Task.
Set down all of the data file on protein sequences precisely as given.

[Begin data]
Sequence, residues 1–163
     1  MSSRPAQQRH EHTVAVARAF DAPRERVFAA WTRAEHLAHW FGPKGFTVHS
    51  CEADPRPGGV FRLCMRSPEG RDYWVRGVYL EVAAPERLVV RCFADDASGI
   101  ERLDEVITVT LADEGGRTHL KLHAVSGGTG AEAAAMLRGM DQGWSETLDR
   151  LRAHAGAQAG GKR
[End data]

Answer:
Sequence, residues 1–163
     1  MSSRPAQQRH EHTVAVARAF DAPRERVFAA WTRAEHLAHW FGPKGFTVHS
    51  CEADPRPGGV FRLCMRSPEG RDYWVRGVYL EVAAPERLVV RCFADDASGI
   101  ERLDEVITVT LADEGGRTHL KLHAVSGGTG AEAAAMLRGM DQGWSETLDR
   151  LRAHAGAQAG GKR